GR War on PFI

Sep 19, 2011

 

Globalise Resistance will soon be announcing a public forum examining the money sapping scheme of PFI, which is costing the UK taxpayer hundreds of millions of pounds every year, and which escapes the attention of government cuts. From the forum we will be organising actions against corporations and government departments that are responsible for this huge drain on public money.

We have been conducting an investigation into, the Private Finance Initiative (aka Public Private Partnership).

Our campaign has two key objectives:

1. We want to see an end to the PPP/PFI initiative in its current manifestation.

2. We want all debt incurred under PFI written off as odious. Odious debt is a legal term that usually refers to a country’s national debt incurred while under a dictator, as defined below:

“Odious debt […] holds that debt should not be transferable to successor regimes if (a) it was incurred without the consent of the people and (b) was not for their benefit (Alexander N. Sack, 1927; Ernst Feilchenfeld, 1931).1”

Public knowledge and consultation over PFI has been inadequate and PFI contracts delegate the provision of public services to private companies who put profit before people. These debts were incurred without the consent of the people and there is little discernible benefit from them. The national debt incurred under PFI qualifies as odious and should be written off.

What is PFI?

PFI is a way of outsourcing the provision of public goods and services to the private sector. Typically, a PFI project is awarded via to a consortium of companies after a bidding process. A consortium is normally made up by different types of businesses because PFI contracts award several services at once. For instance, a PFI contract for a hospital might include the operation of a canteen service and building maintenance after construction was completed. In such cases, three separate companies would form a consortium to bid for the contract.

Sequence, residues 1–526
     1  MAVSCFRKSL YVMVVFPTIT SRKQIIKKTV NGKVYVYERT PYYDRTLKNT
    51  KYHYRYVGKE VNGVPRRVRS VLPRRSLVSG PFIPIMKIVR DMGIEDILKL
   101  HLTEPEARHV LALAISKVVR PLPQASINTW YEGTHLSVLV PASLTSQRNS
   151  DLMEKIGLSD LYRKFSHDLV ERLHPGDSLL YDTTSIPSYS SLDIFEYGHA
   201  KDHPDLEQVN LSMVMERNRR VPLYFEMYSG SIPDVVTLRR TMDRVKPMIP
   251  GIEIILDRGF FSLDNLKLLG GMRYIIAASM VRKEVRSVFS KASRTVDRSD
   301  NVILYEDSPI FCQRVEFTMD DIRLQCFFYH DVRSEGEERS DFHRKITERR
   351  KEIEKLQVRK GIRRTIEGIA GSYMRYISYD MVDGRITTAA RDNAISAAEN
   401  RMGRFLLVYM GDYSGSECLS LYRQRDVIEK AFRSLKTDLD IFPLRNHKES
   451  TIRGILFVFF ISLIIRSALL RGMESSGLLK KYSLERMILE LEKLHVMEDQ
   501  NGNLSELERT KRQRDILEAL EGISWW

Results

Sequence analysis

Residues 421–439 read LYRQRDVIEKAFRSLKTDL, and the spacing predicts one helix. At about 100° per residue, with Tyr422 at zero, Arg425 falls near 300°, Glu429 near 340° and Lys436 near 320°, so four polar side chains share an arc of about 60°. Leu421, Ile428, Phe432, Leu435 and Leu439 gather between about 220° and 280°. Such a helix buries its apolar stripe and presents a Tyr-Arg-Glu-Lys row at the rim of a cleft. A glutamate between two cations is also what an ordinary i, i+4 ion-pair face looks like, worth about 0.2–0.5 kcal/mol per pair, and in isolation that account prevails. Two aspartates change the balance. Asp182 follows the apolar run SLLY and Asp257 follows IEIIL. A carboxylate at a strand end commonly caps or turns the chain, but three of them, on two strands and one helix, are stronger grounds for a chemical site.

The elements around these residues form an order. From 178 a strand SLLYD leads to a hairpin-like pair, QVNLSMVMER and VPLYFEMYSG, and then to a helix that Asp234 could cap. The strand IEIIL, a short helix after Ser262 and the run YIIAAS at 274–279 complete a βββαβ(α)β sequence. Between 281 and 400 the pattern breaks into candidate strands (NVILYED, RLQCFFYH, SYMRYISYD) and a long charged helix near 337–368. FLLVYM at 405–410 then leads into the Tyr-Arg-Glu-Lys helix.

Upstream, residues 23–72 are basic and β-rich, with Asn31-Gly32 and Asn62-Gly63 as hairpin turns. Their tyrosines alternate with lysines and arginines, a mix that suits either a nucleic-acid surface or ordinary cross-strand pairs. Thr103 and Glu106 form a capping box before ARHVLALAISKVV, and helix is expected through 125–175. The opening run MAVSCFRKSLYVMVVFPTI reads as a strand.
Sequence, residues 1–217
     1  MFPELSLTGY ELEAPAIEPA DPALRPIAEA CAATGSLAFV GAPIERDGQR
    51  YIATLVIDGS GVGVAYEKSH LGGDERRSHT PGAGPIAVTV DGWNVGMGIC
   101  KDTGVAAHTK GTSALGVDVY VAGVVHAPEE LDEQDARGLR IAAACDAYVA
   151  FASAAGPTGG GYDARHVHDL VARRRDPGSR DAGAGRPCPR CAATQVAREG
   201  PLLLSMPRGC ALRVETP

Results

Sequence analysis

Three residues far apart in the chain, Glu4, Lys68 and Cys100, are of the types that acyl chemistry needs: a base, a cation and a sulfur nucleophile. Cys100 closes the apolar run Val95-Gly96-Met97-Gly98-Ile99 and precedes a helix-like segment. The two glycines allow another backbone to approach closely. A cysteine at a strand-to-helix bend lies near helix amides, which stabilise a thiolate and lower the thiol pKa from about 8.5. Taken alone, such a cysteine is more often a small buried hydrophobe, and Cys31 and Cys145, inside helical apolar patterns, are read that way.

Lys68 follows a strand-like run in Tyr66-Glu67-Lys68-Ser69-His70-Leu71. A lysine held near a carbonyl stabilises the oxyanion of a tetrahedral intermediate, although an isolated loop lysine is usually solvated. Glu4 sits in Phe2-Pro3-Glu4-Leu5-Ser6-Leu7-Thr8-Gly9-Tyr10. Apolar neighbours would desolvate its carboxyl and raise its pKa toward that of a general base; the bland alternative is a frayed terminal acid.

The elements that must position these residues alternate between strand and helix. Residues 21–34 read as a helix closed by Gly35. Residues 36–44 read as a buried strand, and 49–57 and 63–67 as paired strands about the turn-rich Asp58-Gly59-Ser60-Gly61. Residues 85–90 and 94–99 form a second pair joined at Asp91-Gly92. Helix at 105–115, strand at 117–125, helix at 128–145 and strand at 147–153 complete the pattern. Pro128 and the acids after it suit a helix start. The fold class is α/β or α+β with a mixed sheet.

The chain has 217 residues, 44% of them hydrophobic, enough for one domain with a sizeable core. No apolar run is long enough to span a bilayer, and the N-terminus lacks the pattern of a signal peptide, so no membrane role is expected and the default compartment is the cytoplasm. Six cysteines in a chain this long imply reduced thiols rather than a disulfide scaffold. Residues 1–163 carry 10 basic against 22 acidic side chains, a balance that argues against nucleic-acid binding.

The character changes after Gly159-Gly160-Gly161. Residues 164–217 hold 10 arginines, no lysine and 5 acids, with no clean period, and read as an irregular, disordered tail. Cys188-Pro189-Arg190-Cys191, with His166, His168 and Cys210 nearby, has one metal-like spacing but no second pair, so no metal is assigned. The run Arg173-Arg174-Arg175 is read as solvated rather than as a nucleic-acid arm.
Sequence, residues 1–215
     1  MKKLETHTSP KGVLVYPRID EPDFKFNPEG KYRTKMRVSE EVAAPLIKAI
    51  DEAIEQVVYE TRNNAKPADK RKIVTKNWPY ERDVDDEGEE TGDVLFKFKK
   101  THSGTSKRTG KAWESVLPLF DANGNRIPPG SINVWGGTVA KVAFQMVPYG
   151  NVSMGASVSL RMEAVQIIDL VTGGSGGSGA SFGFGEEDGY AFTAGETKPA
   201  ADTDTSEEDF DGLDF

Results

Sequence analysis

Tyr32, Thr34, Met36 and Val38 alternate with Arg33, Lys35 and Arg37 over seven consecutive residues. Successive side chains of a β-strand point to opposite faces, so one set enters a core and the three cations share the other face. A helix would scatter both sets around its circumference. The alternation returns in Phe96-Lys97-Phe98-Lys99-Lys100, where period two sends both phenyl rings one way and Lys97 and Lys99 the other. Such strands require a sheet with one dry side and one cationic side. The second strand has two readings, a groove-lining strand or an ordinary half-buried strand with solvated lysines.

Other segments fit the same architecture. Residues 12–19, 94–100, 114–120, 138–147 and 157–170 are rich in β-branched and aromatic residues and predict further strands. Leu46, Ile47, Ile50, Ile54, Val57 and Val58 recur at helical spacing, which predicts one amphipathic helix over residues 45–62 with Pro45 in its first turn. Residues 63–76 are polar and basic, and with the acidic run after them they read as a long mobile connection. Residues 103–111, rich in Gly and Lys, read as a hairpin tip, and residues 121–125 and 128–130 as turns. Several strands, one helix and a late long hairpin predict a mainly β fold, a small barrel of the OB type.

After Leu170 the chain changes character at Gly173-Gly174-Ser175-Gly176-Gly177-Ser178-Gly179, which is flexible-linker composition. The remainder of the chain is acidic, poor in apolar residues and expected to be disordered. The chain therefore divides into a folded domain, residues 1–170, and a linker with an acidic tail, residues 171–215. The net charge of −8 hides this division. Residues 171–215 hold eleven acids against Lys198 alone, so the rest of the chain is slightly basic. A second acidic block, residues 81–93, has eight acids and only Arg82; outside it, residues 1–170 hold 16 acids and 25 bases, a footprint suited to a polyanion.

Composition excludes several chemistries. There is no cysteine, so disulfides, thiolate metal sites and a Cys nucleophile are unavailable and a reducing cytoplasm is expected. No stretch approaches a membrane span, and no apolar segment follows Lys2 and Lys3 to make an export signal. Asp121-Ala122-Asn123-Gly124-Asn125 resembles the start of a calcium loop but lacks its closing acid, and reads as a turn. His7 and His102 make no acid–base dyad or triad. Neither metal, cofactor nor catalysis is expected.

The capital for the project is sourced by the private companies and the government then pay an annual figure to the consortium, which includes interest, to pay off the project over time.

The scheme was introduced in 1992 by the Tories but it was New Labour who embraced it tenaciously. As the New Left Review observed: “Major reconnoitred much of the terrain; Blair and Brown led the offensive.” Following New Labour’s election, then Health minister Alan Milburn declared it was “PFI or bust” for public projects when there was limited capital available and this proved to be true. For instance, the Conservatives had set up just two PFI projects over five years within the NHS but by May ‘99 Labour had introduced 25.

Today, PFI is a principal way by which roads, hospitals, schools, IT systems and other public infrastructure is paid for. Public goods as diverse as school dinners, recycling and transport are also managed by the private sector on behalf of public authorities.  According to the Treasury, at least £267 billion has been ring-fenced to pay for around 800 PFI projects (already underway) over the next 50 years.

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